Minimum Wage Biscuits Recipe | Breakfast Recipes | PBS Food

Minimum Wage Biscuits

Recipe By Daniel McLaughlin

The trick to great biscuits is keeping the cooking fat as cold as possible. You want all those little bits of butter solid when they enter the oven, so when they cook it slowly melts giving you beautiful buttery flakes. The other trick is not to over work the dough. Kneading creates more gluten bonds which is fine if you’re making pizza dough, but you want biscuits to have a beautiful crumble.

While I’m giving lectures on quality ingredients, you’ll notice this recipe calls for shortening. Before you write me emails warning me of the nutritional dangers, this is NOT the hydrogenated transfat filled Crisco. This is organically raised and harvested, expeller-pressed palm oil. It has less saturated fat than butter, and because it’s vegetable based it has zero cholesterol. Like I said, these could fit my gluttony month as much as my budget month, but they’re delicious and I had to share them.


Yield: 12 servings


  • 2 cups whole wheat flour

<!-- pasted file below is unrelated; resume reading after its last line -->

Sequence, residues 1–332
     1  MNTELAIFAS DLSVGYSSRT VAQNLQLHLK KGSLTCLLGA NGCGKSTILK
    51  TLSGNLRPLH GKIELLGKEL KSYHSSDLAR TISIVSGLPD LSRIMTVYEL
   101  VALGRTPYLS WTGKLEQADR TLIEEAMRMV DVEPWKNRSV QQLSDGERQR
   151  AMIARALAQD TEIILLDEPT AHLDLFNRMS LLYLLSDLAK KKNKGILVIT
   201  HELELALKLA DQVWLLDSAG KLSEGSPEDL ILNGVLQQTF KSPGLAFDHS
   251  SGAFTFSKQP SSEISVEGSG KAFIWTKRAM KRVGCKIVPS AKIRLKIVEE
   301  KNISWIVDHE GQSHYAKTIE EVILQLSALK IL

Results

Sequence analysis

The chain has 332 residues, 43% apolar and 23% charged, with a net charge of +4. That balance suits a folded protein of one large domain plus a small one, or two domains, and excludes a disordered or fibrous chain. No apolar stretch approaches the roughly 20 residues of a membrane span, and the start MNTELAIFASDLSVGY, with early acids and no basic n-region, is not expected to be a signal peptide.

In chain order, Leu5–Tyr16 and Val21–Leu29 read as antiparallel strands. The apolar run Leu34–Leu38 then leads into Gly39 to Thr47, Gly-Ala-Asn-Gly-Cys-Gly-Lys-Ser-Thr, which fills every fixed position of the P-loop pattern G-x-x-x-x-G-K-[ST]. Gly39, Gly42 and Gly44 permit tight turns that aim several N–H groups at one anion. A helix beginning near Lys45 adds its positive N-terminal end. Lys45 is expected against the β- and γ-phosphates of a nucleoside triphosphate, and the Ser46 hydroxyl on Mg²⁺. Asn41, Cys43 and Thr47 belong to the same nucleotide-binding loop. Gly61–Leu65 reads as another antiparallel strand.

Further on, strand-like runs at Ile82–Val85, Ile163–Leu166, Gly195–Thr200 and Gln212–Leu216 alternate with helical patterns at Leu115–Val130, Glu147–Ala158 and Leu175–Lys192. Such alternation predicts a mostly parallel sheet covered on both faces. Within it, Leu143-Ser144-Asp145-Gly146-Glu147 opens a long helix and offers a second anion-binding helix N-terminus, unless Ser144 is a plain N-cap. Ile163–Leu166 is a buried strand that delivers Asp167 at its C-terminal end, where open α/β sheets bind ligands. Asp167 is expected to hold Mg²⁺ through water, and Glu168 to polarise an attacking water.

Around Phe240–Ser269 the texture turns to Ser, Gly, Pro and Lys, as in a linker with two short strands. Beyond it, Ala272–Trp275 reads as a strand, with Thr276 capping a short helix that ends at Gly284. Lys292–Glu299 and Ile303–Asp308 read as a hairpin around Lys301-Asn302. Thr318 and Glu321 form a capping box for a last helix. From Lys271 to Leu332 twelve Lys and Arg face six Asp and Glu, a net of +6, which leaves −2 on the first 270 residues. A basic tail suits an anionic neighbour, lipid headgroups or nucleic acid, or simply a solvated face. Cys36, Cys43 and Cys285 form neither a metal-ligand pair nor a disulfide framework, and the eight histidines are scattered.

• 4 teaspoon baking powder
  • ¼ teaspoon baking soda
  • ½ teaspoon salt
  • 4 tablespoon salted butter (cold)
  • 2 tablespoon Spectrum Organic shortening (cold)
  • 1 cup buttermilk


  1. Preheat oven to 450° F.
  2. Combine dry goods in a bowl with some room to maneuver.
  3. Cut your butter into smaller pieces, handling it as little as possible and drop it onto the dry goods. Scoop out the shortening and add it to the mix (I keep my shortening in the fridge even though you don’t have to cause it flakes better that way). Now get in there with your hands and crumble the butter and shortening into the flour. Try not to leave any pieces any larger than a pea, bearing in mind that the more you handle the butter, the more it will melt from the heat of your hands, so try and be quick about it. If it’s gonna be a minute before you use it, but it back in the fridge to keep the fat cold.
  4. Add the buttermilk. I use my hands for this too, though it gets pretty sticky. Quickly and loosely mix the milk in until there aren’t any loose flour particles hanging out at the bottom of the bowl.
  5. Turn the mixture out onto a floured surface and flatten with the palms of your hands to about a 1.5" thickness. Using a cookie cutter or the floured rim of a water glass, cut the dough into circles and put onto a greased baking sheet. You want to use a thick one here (I use a cast iron skillet) so that the bottoms don’t burn. Place the biscuits shoulder to shoulder too, don’t spread them out. Once they’re all cut, put a little thumb indent on the top of each one. Just a little dimple. It helps them stay compact when cooking.
  6. Bake for 12-15 minutes until golden biscuit brown on top and serve immediately if not sooner.
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